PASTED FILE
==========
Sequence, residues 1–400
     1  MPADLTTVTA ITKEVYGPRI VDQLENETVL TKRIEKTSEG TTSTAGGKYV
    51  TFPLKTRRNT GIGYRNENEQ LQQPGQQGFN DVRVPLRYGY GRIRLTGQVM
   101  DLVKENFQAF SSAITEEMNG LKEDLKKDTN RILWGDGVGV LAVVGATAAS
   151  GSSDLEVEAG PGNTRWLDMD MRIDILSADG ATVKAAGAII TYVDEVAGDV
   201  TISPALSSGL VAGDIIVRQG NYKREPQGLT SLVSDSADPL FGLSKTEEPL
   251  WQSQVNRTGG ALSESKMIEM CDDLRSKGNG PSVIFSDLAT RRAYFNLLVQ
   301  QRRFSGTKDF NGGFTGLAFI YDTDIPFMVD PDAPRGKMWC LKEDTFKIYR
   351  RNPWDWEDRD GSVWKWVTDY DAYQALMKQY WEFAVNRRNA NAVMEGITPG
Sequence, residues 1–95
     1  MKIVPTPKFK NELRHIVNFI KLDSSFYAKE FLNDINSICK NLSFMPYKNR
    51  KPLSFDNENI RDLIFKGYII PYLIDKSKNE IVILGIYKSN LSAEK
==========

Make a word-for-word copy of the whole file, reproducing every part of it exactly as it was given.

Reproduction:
Sequence, residues 1–400
     1  MPADLTTVTA ITKEVYGPRI VDQLENETVL TKRIEKTSEG TTSTAGGKYV
    51  TFPLKTRRNT GIGYRNENEQ LQQPGQQGFN DVRVPLRYGY GRIRLTGQVM
   101  DLVKENFQAF SSAITEEMNG LKEDLKKDTN RILWGDGVGV LAVVGATAAS
   151  GSSDLEVEAG PGNTRWLDMD MRIDILSADG ATVKAAGAII TYVDEVAGDV
   201  TISPALSSGL VAGDIIVRQG NYKREPQGLT SLVSDSADPL FGLSKTEEPL
   251  WQSQVNRTGG ALSESKMIEM CDDLRSKGNG PSVIFSDLAT RRAYFNLLVQ
   301  QRRFSGTKDF NGGFTGLAFI YDTDIPFMVD PDAPRGKMWC LKEDTFKIYR
   351  RNPWDWEDRD GSVWKWVTDY DAYQALMKQY WEFAVNRRNA NAVMEGITPG
Sequence, residues 1–95
     1  MKIVPTPKFK NELRHIVNFI KLDSSFYAKE FLNDINSICK NLSFMPYKNR
    51  KPLSFDNENI RDLIFKGYII PYLIDKSKNE IVILGIYKSN LSAEK